Conservation group: Bornean orangutan critically endangered
A global conservation group says Borneo's orangutans are now a critically endangered species due to hunting and destruction of forest habitat.
The International Union for Conservation of Nature estimates the number of Bornean orangutans has dropped by nearly two-thirds since the early 1970s and will further decline to 47,000 animals by 2025.
The group said the projected population figure would represent a population loss of 86 percent.
The assessment for the IUCN Red List of Threatened Species was carried out earlier this year and published this week. Previously the species was considered to be endangered.
It said deforestation has dramatically shrunk the primate's habitat, with about 40 percent of Borneo's forests lost since the early 1970s and another huge swathe of forest expected to be converted to plantation agriculture in the next decade.
On top of that, hunting is also a significant pressure because orangutans are slow breeders, producing only one offspring every six to eight years on average.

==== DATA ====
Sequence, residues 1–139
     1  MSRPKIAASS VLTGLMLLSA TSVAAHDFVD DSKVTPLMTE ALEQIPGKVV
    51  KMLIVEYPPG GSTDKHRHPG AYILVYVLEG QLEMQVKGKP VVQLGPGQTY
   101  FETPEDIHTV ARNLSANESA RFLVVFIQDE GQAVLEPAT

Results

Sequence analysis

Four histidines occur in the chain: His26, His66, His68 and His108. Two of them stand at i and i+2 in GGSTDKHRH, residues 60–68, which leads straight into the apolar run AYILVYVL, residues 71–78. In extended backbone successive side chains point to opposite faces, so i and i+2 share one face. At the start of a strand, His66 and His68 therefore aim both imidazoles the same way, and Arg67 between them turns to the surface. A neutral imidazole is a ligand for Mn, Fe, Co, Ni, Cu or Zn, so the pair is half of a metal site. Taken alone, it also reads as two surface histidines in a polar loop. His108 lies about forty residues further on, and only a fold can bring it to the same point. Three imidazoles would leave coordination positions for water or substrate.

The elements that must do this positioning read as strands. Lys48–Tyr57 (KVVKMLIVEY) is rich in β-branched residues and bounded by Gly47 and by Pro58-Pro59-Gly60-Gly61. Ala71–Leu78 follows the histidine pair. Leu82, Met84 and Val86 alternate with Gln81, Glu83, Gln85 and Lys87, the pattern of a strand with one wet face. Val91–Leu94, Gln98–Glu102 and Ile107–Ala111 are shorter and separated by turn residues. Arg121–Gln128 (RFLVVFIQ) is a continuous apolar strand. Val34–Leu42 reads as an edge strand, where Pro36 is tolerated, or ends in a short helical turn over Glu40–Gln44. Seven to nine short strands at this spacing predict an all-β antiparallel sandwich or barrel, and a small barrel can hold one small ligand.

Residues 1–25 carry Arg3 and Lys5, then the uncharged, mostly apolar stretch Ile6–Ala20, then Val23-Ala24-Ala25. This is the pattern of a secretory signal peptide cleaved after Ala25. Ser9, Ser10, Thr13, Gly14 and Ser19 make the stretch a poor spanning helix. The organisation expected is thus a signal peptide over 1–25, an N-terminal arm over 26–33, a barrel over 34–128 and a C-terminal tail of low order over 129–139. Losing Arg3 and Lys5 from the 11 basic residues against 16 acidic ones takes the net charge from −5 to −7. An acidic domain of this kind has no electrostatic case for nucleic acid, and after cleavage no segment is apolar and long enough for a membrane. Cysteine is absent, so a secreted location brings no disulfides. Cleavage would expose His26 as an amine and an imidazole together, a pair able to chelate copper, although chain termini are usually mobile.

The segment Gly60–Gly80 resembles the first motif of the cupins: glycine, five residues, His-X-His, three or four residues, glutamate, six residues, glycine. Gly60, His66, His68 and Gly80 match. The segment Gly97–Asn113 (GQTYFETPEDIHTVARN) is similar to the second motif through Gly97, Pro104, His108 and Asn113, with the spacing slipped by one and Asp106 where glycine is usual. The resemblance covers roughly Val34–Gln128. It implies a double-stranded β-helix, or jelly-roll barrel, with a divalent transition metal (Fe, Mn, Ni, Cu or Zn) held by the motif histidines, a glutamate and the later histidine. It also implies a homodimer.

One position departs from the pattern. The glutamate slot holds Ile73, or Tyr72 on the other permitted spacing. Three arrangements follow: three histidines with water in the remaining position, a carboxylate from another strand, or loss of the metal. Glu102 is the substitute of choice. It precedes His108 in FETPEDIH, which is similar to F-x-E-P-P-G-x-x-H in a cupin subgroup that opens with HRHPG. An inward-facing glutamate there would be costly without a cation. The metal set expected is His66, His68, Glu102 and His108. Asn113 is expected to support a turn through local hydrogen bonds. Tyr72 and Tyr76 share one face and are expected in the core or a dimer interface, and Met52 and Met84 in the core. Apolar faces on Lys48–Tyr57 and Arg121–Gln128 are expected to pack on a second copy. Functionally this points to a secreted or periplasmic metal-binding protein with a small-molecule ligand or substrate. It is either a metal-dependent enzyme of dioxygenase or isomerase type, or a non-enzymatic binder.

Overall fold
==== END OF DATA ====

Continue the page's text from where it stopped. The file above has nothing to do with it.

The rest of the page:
IUCN estimates between 2,000 and 3,000 of Borneo's orangutans have been killed every year for the past four decades, mainly for their meat.
"If hunting does not stop, all populations that are hunted will decline, irrespective of what happens to their habitat," IUCN said. "These findings confirm that habitat protection alone will not ensure the survival of orangutans."
Orangutans only live in the wild on the Indonesian island of Sumatra and on Borneo in the Malaysian states of Sarawak and Sabah and Kalimantan, which is the Indonesian part of Borneo.
The Sumatran orangutan has been critically endangered since 2008.
Both species are protected in Malaysia and Indonesia but much of their habitat is not.